I could not find information about Viburnum odoratissimum specifically, but most pruning books have general guidelines for Viburnum species. Unless you do not mind losing the flowers, it is best to prune when flowering is done. If you are growing V. odoratissimum as a tree, then special pruning may be needed. George E. Brown's The Pruning of Trees, Shrubs and Conifers (Timber Press, 2004) says V. odoratissimum is somewhat tender, and may grow best as a standing bush with the protection of a wall, using ties in places to keep it close to the wall. The only pruning he mentions is cutting out older wood after flowering, and tying new growth back to the wall (if you are growing your plant in a site where you can do this).

According to the Peter McHoy book, oaks do not require routine pruning. Brown's book says not to prune oaks between mid-spring and mid-summer, as a means of protecting against oak wilt and beetle infestation. If you must prune, do it in winter.

Quercus reticulata is not a common tree, nor are the species of Viburnum and Osmanthus you are growing. Unless there are compelling reasons to prune harder, I would suggest sticking to the 3 D's of pruning: take out only dead, diseased, and disordered branches. Another general rule of thumb is never to remove more than 1/3 of the plant at one time. You might want to consult a certified arborist as well. You can find arborists through Plant Amnesty's referral service or the Pacific Northwest Chapter of the International Society of Arboriculture.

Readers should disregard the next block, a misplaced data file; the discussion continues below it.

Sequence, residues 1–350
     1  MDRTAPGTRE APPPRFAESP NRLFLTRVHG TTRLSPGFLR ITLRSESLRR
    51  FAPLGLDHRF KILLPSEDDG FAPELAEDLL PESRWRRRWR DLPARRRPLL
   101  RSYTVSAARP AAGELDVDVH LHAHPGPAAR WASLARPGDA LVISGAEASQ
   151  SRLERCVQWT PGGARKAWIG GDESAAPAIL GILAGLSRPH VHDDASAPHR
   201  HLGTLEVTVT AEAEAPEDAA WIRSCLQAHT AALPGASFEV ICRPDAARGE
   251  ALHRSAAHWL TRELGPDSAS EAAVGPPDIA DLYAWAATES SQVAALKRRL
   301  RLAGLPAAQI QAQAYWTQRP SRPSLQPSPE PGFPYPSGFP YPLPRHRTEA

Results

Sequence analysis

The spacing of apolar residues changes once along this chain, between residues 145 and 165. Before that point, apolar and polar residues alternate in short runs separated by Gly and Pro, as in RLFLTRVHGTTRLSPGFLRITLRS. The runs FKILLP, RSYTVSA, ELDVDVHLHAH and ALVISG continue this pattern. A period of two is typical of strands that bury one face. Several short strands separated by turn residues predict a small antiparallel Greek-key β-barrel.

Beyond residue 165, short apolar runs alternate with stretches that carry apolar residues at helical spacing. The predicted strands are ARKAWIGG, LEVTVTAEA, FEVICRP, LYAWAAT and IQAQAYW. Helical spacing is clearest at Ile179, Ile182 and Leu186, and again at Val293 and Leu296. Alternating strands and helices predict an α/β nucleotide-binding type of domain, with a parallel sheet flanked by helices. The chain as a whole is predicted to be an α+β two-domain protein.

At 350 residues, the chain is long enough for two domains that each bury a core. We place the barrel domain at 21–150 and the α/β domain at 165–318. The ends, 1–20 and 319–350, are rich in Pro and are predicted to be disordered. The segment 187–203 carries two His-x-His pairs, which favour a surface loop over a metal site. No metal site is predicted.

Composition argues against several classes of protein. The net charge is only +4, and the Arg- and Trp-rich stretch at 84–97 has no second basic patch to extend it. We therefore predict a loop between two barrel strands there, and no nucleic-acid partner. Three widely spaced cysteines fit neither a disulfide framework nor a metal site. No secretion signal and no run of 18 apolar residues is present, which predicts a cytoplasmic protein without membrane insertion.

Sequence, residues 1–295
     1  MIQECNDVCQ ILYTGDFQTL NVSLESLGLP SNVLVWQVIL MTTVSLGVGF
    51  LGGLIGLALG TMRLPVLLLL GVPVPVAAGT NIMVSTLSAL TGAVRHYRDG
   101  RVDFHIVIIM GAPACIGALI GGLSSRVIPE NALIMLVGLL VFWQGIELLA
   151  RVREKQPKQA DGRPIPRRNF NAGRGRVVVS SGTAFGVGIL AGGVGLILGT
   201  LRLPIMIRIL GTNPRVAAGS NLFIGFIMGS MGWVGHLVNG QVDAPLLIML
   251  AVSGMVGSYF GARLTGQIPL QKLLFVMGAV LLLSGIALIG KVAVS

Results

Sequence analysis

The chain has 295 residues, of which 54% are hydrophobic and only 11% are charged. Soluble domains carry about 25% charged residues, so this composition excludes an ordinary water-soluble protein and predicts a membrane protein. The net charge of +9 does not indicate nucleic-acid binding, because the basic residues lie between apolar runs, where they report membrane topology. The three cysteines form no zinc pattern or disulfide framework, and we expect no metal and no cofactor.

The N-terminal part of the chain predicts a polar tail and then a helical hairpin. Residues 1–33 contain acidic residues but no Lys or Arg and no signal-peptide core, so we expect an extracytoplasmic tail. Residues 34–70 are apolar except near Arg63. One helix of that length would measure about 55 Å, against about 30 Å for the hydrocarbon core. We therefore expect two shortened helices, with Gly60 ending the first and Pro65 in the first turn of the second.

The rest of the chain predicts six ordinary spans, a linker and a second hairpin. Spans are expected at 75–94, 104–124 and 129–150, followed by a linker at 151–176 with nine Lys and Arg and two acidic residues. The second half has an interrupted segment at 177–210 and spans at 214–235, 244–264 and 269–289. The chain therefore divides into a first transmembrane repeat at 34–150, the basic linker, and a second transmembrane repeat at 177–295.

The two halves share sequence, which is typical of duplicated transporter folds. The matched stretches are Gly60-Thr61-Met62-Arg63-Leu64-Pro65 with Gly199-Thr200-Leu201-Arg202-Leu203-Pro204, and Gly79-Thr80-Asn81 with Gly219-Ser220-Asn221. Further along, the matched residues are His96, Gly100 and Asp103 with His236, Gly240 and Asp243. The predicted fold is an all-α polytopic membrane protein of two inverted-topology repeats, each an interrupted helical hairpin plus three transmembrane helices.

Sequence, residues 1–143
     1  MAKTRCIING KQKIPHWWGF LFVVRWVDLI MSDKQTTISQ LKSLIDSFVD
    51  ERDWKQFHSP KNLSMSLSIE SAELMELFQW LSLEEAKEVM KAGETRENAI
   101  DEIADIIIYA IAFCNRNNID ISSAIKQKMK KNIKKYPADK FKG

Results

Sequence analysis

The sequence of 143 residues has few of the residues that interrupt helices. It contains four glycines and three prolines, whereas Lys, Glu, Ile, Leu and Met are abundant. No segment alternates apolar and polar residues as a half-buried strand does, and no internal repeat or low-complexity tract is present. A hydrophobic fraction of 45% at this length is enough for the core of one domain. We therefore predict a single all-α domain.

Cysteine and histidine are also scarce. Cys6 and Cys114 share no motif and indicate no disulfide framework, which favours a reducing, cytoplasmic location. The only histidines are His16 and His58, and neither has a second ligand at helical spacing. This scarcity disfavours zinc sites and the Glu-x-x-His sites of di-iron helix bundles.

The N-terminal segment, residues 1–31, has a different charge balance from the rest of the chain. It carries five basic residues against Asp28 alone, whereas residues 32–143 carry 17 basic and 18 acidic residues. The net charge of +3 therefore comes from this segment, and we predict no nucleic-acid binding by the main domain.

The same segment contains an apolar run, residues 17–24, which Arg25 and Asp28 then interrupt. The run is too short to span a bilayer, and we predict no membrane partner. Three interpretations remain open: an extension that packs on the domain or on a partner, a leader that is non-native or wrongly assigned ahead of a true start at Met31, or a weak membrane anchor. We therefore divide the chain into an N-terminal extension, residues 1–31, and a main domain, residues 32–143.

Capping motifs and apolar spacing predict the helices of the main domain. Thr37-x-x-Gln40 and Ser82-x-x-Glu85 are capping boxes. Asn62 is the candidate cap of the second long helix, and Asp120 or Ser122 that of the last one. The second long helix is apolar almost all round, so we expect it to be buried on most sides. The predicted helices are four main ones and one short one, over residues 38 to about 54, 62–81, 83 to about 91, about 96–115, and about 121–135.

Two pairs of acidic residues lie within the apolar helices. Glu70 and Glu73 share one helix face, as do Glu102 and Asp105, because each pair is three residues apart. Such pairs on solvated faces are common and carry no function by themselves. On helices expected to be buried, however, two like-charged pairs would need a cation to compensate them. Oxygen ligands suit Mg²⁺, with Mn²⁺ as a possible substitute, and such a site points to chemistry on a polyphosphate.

Season All Season
Date 2008-03-19
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Keywords: Leaf marcescence, Leaf abscission, Quercus, Fall foliage

PAL Question:

I have a large lawn with a southern exposure, and fairly good drainage. I would like to plant 1-3 large shade trees. I have been considering northern red oaks for the location, as they seem to grow well in this climate, should provide good shade, and they have nice fall color. However, I don't like oaks which keep their dead leaves through the winter (as Scarlet oaks do). I find the dead leaves unsightly and messy, and I will not want the shade in the winter. Do red oaks also keep their dead leaves on their branches in this manner? If so, have you another recommendation, other than maples?

View Answer:

According to the Sunset Western Garden Book, pin oak (Quercus palustris) keeps its brown leaves through the winter, but Northern red oak (Quercus rubra) loses them in fall. The dropping of leaves in spring (as opposed to fall) is a phenomenon called marcescence. At times young trees of other oak species, even Quercus rubra, can keep their leaves all winter, particularly if it is an unusual winter. You might consider Katsura tree (Cercidiphyllum japonicum) or sweet gum (Liquidambar styraciflua) for fall color with more reliable leaf drop.